When everyone is cheering the beginning of a new decade, the coronavirus is breaking into our lives. At the beginning, the coronavirus appeared in China, and it was the Chinese New Year at that time, so the population was very mobile and the infection was very strong.
The government is considering a $850 billion stimulation to get the economy rolling again with a relatively small tax relief to individuals (mine would be $242/month, a mere 9% of my disposable salary) and $50 billion to the airlines. I’m not an economist, but based on my life in small-city America, it seems clear to me that there are problems here.
Harrisonburg is college town so – in more normal times – you can’t go too far on a nice day without seeing an outdoor college party. Recently I witnessed a rowdy event taking place at some houses that border the rear of our office parking lot.
In the fall of 2016, our kids joined about 1.7 million other children in the United States who learn at home. Now, as the coronavirus pandemic emptied schools and brought the learning home for the foreseeable future, I’m hearing parents ask many of the same questions and express some of the same anxieties I had when we started teaching at home.
Community Perspective: Public library has resources to learn more about COVID-19 and to get a break from it
As we grapple with the Coronavirus and its effect on our daily lives, we are all trying to find out what its means for us. With all the fake information floating out there, it’s important we understand where to find accurate and helpful information.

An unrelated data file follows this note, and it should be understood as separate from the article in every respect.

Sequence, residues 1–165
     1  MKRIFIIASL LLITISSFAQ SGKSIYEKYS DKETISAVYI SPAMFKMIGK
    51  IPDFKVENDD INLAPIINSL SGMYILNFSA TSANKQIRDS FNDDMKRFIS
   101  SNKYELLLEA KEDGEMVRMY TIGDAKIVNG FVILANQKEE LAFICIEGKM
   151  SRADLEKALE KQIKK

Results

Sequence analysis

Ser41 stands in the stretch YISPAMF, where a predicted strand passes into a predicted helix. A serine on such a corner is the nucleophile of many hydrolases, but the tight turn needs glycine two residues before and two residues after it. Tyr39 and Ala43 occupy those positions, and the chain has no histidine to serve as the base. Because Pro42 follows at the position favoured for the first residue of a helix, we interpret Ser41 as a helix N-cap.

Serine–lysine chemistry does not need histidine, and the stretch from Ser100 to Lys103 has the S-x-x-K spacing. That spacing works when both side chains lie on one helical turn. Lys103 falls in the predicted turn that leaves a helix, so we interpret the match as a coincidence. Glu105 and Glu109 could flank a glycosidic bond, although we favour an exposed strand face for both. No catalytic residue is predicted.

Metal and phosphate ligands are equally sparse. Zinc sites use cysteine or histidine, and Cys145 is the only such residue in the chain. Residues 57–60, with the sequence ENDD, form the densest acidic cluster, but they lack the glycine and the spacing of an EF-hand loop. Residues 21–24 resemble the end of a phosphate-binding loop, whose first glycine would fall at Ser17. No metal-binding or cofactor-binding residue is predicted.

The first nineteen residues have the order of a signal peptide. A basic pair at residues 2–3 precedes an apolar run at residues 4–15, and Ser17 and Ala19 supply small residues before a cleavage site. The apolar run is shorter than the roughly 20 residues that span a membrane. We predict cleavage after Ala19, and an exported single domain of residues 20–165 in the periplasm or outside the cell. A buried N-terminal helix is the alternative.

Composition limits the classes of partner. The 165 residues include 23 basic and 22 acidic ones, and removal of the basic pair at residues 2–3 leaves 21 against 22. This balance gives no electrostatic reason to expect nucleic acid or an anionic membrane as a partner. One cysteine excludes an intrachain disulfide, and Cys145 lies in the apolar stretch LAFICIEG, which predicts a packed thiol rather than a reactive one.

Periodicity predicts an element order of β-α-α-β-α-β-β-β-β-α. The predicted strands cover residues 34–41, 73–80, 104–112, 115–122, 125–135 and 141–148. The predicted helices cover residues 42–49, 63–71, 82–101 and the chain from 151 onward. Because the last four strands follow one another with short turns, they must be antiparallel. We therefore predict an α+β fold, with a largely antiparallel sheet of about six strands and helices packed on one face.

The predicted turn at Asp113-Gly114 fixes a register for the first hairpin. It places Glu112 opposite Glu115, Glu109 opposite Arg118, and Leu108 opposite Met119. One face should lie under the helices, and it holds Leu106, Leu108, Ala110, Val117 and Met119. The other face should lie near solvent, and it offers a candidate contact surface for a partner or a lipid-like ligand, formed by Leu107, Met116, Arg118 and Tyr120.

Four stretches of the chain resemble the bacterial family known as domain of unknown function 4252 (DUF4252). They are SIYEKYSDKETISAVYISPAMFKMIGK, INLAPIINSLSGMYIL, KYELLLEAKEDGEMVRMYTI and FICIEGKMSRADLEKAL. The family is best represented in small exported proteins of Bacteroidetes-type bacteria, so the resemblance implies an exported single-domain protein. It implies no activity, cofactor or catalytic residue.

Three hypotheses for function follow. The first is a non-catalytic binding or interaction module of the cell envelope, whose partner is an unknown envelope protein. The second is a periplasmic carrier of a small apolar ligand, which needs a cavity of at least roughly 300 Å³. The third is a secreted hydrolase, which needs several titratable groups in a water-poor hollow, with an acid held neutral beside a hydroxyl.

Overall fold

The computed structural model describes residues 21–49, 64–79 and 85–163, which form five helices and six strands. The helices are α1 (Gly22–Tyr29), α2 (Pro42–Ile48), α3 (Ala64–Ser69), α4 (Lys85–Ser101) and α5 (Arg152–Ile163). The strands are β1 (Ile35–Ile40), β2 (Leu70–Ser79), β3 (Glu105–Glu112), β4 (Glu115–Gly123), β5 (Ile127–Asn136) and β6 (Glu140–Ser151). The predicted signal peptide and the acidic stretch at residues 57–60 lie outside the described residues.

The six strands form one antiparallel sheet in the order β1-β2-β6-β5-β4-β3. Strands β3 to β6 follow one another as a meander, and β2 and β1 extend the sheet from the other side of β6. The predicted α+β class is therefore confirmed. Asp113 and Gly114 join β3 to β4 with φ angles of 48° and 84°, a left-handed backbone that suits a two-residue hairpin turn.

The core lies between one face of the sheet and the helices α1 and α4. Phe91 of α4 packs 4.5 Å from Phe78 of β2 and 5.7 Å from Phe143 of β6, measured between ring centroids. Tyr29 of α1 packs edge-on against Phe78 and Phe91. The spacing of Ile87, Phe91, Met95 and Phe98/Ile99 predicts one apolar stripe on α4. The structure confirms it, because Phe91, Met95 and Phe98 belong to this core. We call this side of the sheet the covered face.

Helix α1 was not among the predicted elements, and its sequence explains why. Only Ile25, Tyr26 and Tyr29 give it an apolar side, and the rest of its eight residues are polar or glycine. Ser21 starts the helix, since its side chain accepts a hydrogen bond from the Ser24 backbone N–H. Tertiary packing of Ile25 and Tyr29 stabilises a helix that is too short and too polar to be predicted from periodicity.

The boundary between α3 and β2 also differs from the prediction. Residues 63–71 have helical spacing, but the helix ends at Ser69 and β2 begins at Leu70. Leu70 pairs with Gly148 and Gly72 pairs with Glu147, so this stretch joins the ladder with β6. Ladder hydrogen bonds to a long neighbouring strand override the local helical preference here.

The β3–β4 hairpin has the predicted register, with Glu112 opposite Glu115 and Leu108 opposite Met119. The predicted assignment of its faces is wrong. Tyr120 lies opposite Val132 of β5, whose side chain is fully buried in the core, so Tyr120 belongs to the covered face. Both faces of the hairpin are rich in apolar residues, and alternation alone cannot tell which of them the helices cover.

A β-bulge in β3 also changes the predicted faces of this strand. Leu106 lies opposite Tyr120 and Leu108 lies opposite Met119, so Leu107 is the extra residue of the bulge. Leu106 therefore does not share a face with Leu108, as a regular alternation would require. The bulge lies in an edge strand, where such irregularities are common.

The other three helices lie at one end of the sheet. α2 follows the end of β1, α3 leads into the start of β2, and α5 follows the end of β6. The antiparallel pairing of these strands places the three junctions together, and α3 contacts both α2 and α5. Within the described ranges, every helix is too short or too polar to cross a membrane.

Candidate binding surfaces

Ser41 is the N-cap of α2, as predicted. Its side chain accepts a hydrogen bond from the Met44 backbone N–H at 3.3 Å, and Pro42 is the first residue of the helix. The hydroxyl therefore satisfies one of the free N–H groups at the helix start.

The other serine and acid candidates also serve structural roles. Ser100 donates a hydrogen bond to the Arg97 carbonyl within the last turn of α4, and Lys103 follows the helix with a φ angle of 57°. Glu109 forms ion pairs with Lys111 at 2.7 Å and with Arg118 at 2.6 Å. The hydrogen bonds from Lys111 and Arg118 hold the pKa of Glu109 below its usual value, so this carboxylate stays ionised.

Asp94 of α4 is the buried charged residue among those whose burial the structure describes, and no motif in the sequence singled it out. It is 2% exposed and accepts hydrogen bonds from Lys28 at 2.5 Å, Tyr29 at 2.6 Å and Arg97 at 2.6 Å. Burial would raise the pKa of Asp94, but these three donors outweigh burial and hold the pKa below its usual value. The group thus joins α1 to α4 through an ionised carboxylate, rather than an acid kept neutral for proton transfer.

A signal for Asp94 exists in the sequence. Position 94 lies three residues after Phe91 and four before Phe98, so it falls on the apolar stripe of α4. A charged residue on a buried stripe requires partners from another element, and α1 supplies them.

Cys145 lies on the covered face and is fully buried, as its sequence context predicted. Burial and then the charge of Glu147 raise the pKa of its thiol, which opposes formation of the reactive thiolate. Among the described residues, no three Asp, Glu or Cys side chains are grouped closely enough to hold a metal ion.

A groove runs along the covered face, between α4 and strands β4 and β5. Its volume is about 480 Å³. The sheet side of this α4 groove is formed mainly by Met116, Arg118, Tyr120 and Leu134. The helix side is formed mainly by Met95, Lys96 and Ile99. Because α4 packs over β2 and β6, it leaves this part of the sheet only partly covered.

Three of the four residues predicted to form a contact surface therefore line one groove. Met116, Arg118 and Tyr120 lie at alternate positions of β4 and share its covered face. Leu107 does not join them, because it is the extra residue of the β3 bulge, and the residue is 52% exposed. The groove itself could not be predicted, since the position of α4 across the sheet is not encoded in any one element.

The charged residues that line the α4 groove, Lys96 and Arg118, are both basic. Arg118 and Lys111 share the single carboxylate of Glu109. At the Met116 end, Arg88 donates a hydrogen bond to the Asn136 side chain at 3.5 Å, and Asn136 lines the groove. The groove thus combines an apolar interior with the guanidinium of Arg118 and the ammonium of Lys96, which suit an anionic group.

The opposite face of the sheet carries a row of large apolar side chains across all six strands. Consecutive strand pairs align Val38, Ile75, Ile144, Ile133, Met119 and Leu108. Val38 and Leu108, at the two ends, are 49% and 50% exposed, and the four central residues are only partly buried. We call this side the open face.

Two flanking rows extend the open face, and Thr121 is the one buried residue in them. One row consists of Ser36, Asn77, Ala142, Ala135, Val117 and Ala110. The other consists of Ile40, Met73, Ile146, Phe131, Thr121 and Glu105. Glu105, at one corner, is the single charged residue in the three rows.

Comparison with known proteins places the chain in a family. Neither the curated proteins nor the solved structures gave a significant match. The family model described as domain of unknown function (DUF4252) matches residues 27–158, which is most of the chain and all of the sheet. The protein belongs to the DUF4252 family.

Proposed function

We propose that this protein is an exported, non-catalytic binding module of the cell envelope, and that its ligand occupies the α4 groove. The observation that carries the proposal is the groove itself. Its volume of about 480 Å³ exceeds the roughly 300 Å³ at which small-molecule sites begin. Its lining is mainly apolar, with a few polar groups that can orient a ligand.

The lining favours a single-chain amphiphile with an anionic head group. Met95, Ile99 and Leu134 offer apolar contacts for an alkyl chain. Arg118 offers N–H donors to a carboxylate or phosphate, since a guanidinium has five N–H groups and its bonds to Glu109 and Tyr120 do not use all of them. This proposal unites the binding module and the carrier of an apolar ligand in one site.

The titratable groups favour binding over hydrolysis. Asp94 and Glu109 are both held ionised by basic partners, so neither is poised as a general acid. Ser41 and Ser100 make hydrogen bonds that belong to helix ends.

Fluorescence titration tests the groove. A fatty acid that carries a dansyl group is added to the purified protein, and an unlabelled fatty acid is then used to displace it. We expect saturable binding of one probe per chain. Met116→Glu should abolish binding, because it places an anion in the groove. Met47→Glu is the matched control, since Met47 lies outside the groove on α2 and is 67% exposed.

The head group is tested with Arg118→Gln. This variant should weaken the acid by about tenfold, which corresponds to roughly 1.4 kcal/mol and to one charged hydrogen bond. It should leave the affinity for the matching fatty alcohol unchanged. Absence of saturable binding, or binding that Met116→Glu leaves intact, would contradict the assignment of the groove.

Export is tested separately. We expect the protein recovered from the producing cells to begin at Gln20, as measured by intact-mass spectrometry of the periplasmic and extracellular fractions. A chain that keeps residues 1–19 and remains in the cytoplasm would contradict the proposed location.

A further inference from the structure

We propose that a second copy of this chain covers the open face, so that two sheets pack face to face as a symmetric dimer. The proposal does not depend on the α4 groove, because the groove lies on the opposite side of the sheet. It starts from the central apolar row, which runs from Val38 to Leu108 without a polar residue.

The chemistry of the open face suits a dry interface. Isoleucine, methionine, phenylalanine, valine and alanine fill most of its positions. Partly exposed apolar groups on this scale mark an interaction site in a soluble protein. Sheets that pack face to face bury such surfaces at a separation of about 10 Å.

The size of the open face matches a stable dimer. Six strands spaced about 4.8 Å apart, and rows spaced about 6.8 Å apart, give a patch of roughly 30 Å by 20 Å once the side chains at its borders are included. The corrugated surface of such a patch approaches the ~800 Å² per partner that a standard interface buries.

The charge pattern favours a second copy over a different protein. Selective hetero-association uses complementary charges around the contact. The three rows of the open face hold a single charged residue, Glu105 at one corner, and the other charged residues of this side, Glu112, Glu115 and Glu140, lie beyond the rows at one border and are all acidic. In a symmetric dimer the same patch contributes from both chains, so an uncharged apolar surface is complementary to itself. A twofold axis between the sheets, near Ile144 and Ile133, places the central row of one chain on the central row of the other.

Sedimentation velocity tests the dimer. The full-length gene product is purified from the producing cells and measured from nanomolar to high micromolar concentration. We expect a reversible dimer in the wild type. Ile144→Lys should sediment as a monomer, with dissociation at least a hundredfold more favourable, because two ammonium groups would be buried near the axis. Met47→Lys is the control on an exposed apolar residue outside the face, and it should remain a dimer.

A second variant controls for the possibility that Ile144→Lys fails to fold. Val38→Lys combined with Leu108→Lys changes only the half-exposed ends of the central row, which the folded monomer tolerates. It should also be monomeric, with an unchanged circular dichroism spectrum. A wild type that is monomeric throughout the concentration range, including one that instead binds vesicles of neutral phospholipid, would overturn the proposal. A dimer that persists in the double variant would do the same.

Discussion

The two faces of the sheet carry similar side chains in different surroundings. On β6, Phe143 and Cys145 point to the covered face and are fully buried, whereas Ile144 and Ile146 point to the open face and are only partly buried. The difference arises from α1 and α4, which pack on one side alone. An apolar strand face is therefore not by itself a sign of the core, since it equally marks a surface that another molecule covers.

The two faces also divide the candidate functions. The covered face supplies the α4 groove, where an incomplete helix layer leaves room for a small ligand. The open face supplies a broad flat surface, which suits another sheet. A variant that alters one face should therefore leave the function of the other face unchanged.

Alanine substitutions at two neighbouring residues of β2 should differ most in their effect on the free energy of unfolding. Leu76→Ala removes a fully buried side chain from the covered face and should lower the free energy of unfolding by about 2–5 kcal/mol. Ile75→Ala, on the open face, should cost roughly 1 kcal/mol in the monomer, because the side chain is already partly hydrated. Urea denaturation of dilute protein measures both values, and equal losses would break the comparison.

Harrisonburg has inspired a surprising number of playwrights, TV and screen writers in Hollywood and New York City. The story began with JMU’s first playwrighting course taught in 1975, when Professor Roger Allen Hall joined the faculty of the new theatre program. Just four years later his student Phoef Sutton won the first National Norman Lear Comedy Award for his play “The Pendragon Institute.”
For many people, climate change is the biggest existential threat humans face. While many of the biggest advocates for action are the young, closer to home one equally impassioned person doing all he can is Cal Redekop, age 94. Being in his tenth decade hasn’t stopped him from curbing his carbon footprint to help preserve the environment.
Harrisonburg city leaders are working to solve the complex problem of Harrisonburg High School overcrowding. The school board, working with limits set by a previous city council, is proposing that a second high school open for the 2022-23 school year (Plan A). The city council vote is anticipated on December 10th, after a public hearing.